Forbes dubbed Cora Harrington “the woman changing the way we think about lingerie” — and they’re right. Ready for the best fit of your life?

In 2008, Harrington created a blog called The Stockings Addict, which has since become The Lingerie Addict as she widened her purview.

And today, after a decade on the scene, the site is now an industry staple.

Her @thelingerieaddict Instagram legion is over 42K strong, and she has a new book coming out August 28, 2018. “In Intimate Detail: How to Choose, Wear, and Love Lingerie” is a compendium for letting your undergarments help you feel your best.

The book dispenses an education on the history of undergarments and currently available options, as well as selection and care considerations.

It’s not a fussy rules-based guide, ideal only for women of a certain body type. Instead, Harrington fully embraces inclusivity and individuality, firmly referring to lingerie as a mode of self-care.

We caught up with her for this abbreviated primer.

The United States, with its many rural pockets and puritanical roots, is rife with undergarment misinformation.

“We don’t have the kind of lingerie boutique culture that countries like France or the UK have, where on every corner practically there’s a lingerie shop,” she explains.

Across the pond “lingerie shopping is this total experience, and the idea of wearing a beautiful, well-fitting bra isn’t seen as something scandalous.”

Living in the States, Harrington recommends a lingerie specialist boutique or a department store with a comprehensive fit-focused lingerie department whenever possible.

In Middle America, the closest you might get to the boutique experience is Soma, or a department store — such as Macy’s or Dillard’s. Department stores may not have the selection you’re looking for, either in terms of size or style. Nevertheless, they’re worth a visit, even if only to obtain an accurate bra measurement.

“Even in larger cities with boutique offerings you might still run into issues of access,” Harrington says. “They might not carry sizes beyond an F or a G cup, or maybe they’re focused on beige bras and not fashion colors.”

Pro tip: Luckily, in the internet age, you’re only a click away from a company that caters specifically to your size and style preferences — all from the comfort of your own home, wherever that may be. Just remember to have your bra measurements on hand! And don’t go with what’s popular, choose the best fit for you.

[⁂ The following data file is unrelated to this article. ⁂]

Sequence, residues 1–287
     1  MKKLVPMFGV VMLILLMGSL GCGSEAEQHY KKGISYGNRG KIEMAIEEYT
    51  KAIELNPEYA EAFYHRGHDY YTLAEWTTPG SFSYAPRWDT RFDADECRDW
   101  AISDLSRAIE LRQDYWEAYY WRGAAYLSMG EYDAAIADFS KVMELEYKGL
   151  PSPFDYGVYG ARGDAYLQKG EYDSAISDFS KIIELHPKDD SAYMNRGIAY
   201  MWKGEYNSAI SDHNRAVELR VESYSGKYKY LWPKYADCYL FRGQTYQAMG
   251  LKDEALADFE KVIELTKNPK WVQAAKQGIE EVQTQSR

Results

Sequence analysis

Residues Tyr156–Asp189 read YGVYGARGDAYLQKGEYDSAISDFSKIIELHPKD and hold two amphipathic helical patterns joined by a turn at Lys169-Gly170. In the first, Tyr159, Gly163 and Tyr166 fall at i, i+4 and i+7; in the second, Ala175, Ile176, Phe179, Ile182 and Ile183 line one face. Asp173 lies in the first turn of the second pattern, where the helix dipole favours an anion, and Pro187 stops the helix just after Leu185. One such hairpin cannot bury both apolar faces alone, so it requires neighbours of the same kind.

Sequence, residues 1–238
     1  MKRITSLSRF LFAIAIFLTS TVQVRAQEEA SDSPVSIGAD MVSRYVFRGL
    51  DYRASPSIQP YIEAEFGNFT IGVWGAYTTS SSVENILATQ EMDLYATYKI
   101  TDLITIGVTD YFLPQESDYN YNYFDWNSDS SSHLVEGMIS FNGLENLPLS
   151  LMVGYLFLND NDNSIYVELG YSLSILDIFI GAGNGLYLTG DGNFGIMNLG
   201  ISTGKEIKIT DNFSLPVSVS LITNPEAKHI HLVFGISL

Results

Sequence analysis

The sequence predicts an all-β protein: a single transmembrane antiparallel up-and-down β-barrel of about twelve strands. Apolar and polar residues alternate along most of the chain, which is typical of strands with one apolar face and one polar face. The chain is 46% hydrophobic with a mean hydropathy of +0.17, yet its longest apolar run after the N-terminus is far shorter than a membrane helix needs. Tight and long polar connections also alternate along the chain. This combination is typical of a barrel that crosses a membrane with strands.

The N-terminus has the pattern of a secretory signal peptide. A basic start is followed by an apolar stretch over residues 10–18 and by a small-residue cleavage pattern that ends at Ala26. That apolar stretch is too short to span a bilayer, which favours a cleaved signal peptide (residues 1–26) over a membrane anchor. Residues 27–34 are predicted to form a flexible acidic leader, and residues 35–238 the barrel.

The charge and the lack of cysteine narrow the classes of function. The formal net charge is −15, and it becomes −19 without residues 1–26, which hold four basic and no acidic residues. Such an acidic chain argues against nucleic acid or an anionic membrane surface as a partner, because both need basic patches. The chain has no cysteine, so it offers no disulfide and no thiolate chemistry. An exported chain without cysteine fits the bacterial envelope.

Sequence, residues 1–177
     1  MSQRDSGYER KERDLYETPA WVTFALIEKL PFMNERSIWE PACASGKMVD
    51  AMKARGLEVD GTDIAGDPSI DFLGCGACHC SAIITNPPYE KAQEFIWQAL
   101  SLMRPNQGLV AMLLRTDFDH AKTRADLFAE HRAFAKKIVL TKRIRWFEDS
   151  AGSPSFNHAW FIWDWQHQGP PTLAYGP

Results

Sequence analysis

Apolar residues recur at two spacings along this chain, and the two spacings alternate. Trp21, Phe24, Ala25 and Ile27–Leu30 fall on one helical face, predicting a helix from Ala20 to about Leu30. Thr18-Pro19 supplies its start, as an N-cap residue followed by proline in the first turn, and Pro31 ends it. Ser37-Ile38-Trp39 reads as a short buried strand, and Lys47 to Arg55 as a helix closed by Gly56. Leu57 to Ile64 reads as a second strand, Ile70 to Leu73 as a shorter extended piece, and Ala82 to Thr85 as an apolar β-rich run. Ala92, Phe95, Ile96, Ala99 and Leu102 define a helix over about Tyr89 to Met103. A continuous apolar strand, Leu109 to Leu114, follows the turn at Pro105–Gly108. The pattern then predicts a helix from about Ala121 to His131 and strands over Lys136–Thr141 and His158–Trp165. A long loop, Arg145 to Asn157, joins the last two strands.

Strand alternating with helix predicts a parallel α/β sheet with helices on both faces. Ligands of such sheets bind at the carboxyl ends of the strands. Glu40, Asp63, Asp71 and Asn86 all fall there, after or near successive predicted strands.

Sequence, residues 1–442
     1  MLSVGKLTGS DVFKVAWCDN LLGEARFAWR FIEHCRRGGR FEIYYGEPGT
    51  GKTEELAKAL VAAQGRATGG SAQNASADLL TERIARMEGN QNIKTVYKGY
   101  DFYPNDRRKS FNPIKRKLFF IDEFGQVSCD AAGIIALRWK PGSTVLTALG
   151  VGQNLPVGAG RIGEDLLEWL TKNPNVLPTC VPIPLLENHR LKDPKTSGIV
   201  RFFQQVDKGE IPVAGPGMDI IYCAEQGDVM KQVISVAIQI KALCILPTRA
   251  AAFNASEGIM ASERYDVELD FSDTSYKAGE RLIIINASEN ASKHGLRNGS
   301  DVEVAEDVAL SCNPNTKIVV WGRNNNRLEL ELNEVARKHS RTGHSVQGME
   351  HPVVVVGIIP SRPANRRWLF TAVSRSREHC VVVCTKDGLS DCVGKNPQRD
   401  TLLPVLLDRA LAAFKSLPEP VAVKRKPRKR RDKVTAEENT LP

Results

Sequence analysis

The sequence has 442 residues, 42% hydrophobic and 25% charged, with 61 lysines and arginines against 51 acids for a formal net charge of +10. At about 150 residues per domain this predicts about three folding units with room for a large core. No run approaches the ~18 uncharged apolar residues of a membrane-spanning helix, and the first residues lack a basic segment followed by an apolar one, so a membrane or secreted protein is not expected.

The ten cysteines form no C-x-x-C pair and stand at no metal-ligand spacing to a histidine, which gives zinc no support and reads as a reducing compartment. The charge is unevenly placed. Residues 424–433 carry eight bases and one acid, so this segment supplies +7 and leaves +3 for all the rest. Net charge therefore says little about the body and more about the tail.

“The biggest issue that I see, especially in talking to people, is that they don’t know what the numbers and the letters of their bra size mean,” Harrington says.

Part of that, notably in the United States, stems from the misconception “that anything over a D cup must be this really large, enormous size.” This is problematic, according to Harrington, because most of the population should be wearing a DD cup or beyond.

So let’s break down bra size.

The number — or band size — corresponds with your rib cage or underbust measurement.

There are two band-sizing methodologies:

The Classic Method: underbust + 4 to 5 inches = band-size (add 4 inches if underbust is an even number, 5 if it’s odd)

The New Method: underbust = band-size

Bra brands that cater to A through D cups tend to use the Classic Method, while brands specializing in DD and above are more likely to use the New Method.

The letter, or cup size, is essentially a ratio — the difference between your underbust and bust at its fullest point.

One inch is an A cup, two a B, three a C, and four a D. Starting with DD, which is a 5-inch difference, each letter doubles before increasing again (e.g., E, EE, F, FF, etc.).

“People believe that there’s no way they could be a G cup,” Harrington notes. “They think, ‘Oh, I’m a 40DD,’ when their rib cage is 32 inches around.”

But if women are afraid of exploring those higher sizes — whether it’s due to size stigma or a lack of lingerie education in the United States — that means they’re unnecessarily putting up with uncomfortable bras.

Pro tip: Practice self-love and acceptance. If you’ve been wearing the same size since high school, it’s time to get an updated measurement — and don’t judge the outcome.

According to Harrington, there are three main bra fit checkpoints:

  1. Center gore: Make sure the panel connecting the two cups, also called the center gore, is flush to the chest. It should lie flat against your breastbone, with no gaps or spaces.
  2. Band: The band should be parallel to the ground — not riding up in back or seesawing when you bend over.
  3. Cups: The underwire (if applicable) should completely surround your breasts. Tissue escaping the cup is an indication the fit is off. Wires or not, your breasts should feel fully contained within your bra.